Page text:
What? Two reviews in two days? It’s because Souvankham Thammavongsa’s How to Pronounce Knife is impossible to put down. (And because I am between series on tv) The short story collection has common threads in Lao immigrant experiences of labour and family, but also of something like dignity and something like connection. I say something like because I’ve been lately trying to explain more and more abstractions to the kid and realizing how a word like dignity connotes so much more than ‘respect’ and ‘connection’ so much more than ‘linked’ so you’ll have to trust me that this collection makes an argument for the dignity of labour and the vitality of touch.
It is a collection free in its imagination and particular in detail. Reciting a list of the range of plot points and settings is the stuff of book jackets and you can take my word that the stories are wide ranging. Instead I’ll share the moments I liked best were of children experiencing the gutting mixture of mortification and gratitude that comes with parents making sacrifices and doing their best and yet – to the child – never quite doing or being what they hoped. And of characters who tolerate the impossible – e.g. living with your wife’s adulterer – because action would be admitting this impossible thing was happening and might necessitate a response.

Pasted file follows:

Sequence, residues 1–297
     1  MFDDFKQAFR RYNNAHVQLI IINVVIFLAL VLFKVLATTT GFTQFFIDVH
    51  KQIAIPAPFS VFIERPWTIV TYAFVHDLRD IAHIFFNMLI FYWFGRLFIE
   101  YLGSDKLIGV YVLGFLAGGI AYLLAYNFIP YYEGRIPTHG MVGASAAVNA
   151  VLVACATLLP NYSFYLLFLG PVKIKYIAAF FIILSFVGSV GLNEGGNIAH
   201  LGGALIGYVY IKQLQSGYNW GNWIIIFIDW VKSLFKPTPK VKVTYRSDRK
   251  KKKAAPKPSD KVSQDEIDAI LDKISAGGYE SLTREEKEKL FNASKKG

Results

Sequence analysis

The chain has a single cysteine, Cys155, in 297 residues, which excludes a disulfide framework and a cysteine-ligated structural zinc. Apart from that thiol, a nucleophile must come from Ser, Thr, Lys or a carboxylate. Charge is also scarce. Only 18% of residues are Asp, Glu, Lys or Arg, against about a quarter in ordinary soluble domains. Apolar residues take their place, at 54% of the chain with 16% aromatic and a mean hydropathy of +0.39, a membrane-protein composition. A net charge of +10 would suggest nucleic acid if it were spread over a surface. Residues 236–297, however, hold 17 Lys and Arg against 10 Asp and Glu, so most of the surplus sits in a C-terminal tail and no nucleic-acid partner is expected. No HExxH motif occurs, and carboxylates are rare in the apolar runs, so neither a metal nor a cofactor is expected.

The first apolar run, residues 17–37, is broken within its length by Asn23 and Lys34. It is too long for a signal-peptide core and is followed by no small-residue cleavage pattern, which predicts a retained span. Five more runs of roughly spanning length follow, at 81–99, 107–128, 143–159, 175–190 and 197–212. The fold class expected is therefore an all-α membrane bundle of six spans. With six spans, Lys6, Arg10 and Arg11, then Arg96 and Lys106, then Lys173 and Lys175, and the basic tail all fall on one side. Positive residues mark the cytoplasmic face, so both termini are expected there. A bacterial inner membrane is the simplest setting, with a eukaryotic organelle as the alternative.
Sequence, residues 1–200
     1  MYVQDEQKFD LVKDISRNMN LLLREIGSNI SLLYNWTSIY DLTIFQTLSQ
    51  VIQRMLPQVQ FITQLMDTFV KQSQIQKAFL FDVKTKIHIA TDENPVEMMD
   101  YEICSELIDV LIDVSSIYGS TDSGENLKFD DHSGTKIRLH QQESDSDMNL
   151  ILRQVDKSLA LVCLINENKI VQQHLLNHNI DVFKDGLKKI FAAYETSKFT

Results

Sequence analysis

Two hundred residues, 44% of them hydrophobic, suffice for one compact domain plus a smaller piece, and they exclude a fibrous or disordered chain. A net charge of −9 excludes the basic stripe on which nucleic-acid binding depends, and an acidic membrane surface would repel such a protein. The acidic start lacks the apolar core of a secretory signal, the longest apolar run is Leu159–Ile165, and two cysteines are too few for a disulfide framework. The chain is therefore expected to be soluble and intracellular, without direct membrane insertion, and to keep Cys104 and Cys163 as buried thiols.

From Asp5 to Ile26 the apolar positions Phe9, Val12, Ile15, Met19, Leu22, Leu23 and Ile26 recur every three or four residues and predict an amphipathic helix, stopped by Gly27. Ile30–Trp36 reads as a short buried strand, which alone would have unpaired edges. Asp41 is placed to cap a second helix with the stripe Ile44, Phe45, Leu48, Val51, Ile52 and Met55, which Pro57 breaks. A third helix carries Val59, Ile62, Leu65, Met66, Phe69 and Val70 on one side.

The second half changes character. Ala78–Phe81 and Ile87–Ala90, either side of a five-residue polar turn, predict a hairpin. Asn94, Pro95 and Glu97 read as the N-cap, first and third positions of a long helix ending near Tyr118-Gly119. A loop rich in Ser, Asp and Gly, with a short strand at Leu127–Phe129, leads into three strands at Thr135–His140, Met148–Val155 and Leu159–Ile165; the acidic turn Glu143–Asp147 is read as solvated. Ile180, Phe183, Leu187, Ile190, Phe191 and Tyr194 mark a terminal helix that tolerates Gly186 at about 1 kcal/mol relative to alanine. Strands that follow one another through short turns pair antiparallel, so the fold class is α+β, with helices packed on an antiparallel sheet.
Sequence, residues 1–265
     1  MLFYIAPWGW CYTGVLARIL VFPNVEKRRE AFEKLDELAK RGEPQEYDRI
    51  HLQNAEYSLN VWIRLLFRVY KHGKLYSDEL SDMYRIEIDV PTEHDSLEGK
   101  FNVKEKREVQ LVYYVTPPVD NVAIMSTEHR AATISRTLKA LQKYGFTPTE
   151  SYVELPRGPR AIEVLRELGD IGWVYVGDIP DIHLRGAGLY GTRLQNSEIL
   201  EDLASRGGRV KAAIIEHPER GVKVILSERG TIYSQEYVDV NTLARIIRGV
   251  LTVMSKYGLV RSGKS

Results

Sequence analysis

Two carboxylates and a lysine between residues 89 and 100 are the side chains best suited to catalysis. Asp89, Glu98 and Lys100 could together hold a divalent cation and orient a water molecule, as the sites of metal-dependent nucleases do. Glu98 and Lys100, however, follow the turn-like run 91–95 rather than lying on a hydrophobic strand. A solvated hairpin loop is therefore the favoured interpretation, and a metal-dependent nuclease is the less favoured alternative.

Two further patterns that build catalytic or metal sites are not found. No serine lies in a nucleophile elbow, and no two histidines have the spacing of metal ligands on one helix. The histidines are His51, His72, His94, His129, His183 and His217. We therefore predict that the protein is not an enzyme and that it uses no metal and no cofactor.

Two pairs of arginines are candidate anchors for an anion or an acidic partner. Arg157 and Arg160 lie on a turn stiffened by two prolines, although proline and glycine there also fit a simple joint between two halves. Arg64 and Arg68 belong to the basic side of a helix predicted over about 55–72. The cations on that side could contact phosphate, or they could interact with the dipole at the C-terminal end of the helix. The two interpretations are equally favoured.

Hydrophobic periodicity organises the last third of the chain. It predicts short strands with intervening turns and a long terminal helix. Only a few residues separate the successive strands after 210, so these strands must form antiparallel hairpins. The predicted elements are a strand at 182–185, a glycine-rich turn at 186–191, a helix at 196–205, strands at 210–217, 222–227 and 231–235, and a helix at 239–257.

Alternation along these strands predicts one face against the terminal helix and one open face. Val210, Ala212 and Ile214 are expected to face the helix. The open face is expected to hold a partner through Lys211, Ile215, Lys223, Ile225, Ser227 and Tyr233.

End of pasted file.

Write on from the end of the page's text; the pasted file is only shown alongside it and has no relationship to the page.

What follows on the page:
The writing is exceptional; the stories swift and absorbing. Thanks to the non-book-book-club for the conversation and for K. for putting the book in my hands.
For 90% of last year I thought I was 37. I was not. I was 36, so this year, when I *really* turned 37 it felt like a gift. Surprise! You get to be 37! Again! It does Not Bode Well for my memory.
You’d think being 37 a second time would mean I’d have adult-ing sorted out. And to be clear, I do. But whenever adult became a verb, I lost track of what it meant in the pop culture sense – something about being the one to empty the dish drain of all the chopped up bits of food and stringy what’s its. Probably it means being a little rich and having a cleaning person so if you don’t really want to clean the dish drain you don’t have to (I have just googled it, and I am right.)
Emma Straub’s All Adults Here isn’t much clearer about what it means, except to insist at various points in the novel that all the grown children are adults. It follows a folksy white family from a super small town – like it has scenes of literal protests to keep big box stores from buying in – and their ups and downs and inbetweens. Astrid, the matriarch, offers the most scandal in announcing in the early pages that she is bisexual (the drama! the scandal!). Oh and there’s a daughter who decides to have a baby on her own Out of Wedlock (the drama! the scandal!). And a son who was never properly loved by his father (I can’t even).